This New Getaway Combines Japanese and French Design
The interior design of Hotel Hana, on the edge of Little Tokyo in Paris, blends Japanese restraint and maximalist French flourishes.Credit…Left: Romain Ricard. Right: Robin Le Febvre
By Jo Rodgers
Several years ago, the hotelier Nicolas Saltiel stood in front of an office building on the northern edge of the Japanese quarter in Paris. The early 20th-century Haussmann-style block sat on a corner, so he could tell from the sidewalk that the light would be good. It was in the Second Arrondissement and, from the top floors, he guessed, you might be able to see the dome of Sacré-Cœur in Montmartre. (You can.) “I knew if I could manage to buy it, this place would make a perfect, intimate hotel,” Saltiel says.
Saltiel’s company, Adresses Hotels, owns five other small hotels in Paris, each of them with a distinct look and atmosphere. For Hotel Hana and its 26 bedrooms, the architect and designer Laura Gonzalez chose to highlight the hotel’s proximity to Little Tokyo, which includes the Japanese shops and restaurants on Rue Sainte-Anne, a five-minute walk away. “The source of inspiration is Japonisme, an artistic movement that emerged during the Belle Époque period,” says Gonzalez. Japanese building techniques and materials, like paneled partitions, straw walls and lacquered furniture, appear alongside French adornments like velvet headboards and rugs made by Pierre Frey. At the bar, you can order an egg sando and wash it down with a glass of Burgundy. Rooms from about $425, hotelhana-paris.com.
An Artist’s Many Views of the Male Body
By Jameson Montgomery
“The Male Nude,” an exhibition of the artist Paul Cadmus’s paintings and drawings, opens this week at Manhattan’s DC Moore Gallery. It’s the artist’s first major solo show in over 20 years. Though he gained acclaim beginning in the 1930s with works like “The Fleet’s In!” (which also stirred controversy for its particularly callipygian depiction of American sailors engaging in debauchery), he painted just 135 canvases over the nearly eight-decade span of his career, sometimes only completing one a year. “We don’t paint for stock,” Cadmus used to say, according to the gallerist Bridget Moore, who worked with him for 15 years. His paintings contain symbolic and satirical details: In 1951’s “Manikins,” two (presumably male) wooden figurines are shown locked in an embrace atop a stack of books; close inspection reveals the topmost volume is a copy of André Gide’s anonymously published “Corydon,” in which the French author argued that homosexuality is a natural condition. In his paintings, Cadmus never repeated subject matter or included the same character twice. He was more prolific with his drawings, which are imbued with a sense of reverence for the human form. This show highlights his serially numbered nudes, most of which are drawn in crayon on hand-toned paper. Works from the 1930s to 1990s are included, offering viewers plenty of angles from which to appreciate Cadmus’s undulating bodies. “The Male Nude” is on view at DC Moore Gallery, New York, from Feb. 8 to March 16, dcmooregallery.com.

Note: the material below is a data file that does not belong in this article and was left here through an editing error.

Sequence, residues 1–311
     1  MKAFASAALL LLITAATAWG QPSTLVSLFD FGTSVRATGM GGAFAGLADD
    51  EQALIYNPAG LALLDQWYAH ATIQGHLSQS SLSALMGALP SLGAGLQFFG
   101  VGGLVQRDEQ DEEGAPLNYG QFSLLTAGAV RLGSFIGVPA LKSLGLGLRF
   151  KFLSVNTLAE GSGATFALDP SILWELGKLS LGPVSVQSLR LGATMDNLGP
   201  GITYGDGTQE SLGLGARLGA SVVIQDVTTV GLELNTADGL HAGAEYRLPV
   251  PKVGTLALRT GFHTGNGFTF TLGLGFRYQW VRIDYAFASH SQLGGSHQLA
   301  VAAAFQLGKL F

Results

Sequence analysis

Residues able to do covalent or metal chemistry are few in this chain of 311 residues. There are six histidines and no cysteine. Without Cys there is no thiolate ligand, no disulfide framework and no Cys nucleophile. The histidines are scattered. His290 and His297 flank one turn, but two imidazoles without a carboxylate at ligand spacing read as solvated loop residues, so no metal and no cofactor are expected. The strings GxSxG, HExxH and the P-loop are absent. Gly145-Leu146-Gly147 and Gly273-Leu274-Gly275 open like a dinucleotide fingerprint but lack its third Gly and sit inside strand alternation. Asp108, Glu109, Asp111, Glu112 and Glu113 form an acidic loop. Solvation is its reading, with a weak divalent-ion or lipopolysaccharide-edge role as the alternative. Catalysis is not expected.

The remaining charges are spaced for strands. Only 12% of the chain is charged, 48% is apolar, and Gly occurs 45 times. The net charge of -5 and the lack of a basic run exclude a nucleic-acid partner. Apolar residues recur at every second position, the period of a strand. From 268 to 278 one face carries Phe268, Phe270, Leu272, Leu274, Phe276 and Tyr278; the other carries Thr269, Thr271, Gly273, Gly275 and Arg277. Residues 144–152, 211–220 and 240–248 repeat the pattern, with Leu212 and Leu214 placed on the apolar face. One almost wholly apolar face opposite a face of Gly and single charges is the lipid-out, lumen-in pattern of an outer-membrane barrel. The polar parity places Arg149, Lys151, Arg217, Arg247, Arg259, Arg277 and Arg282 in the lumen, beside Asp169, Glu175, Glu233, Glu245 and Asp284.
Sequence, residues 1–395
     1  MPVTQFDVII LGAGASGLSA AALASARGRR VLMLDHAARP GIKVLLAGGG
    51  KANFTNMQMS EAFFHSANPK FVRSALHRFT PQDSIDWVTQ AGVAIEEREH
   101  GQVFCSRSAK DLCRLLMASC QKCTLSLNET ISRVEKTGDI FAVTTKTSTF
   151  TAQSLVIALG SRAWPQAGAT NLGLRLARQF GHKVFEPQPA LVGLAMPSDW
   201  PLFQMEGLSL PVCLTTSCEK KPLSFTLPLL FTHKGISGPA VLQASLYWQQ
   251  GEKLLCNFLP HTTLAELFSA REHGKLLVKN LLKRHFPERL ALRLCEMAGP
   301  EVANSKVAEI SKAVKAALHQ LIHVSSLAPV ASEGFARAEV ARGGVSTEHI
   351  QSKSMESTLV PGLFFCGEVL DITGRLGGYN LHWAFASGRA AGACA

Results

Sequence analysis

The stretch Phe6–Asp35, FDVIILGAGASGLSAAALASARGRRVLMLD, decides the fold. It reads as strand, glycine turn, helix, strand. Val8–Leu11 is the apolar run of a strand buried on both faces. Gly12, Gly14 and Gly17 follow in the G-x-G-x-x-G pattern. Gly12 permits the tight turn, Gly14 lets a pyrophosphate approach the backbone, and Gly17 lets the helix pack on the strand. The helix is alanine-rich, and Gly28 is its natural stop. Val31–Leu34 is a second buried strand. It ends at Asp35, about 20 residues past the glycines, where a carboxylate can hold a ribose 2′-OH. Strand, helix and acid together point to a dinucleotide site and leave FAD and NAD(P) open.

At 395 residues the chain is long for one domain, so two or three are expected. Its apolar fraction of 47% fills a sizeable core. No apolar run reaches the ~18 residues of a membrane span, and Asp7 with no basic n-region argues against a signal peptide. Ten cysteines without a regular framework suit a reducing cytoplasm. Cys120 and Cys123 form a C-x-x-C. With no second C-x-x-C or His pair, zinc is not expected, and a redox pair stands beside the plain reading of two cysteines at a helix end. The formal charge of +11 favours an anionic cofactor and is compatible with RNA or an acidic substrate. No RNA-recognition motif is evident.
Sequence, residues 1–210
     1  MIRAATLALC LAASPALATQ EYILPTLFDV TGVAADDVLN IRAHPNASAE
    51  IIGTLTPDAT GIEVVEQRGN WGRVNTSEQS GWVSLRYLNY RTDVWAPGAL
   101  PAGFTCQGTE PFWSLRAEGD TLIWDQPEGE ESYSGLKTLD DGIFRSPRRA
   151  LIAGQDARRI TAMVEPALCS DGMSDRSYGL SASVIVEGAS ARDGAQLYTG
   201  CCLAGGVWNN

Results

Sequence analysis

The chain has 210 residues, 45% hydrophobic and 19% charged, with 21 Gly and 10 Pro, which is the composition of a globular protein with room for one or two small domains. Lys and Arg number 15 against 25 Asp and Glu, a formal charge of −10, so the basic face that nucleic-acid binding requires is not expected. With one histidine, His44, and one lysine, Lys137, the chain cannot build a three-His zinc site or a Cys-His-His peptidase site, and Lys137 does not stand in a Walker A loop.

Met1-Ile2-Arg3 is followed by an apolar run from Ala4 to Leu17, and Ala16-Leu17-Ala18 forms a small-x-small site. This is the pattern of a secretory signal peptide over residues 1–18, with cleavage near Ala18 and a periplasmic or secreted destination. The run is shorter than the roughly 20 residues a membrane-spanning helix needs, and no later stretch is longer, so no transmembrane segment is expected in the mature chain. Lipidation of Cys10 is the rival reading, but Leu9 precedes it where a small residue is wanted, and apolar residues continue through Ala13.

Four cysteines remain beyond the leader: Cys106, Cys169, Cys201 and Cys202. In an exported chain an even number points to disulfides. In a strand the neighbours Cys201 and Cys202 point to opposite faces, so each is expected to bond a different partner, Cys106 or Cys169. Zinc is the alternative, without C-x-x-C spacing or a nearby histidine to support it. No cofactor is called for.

Bright Rugs Inspired by a Scandinavian Sculptor
By Roxanne Fequiere
When the London-based design studio Campbell-Rey first collaborated with the textile company Nordic Knots in 2021, the result was a collection of color-drenched rugs that paid playful homage to Gustavian design elements, referencing the Swedish style popular in the late 1700s. Charlotte Rey, a co-founder of Campbell-Rey, wondered at the time if their creations were too exuberant for those accustomed to the Stockholm-based brand’s typically minimalist aesthetic. But the response was enthusiastic enough that, three years later, the two are joining forces again.
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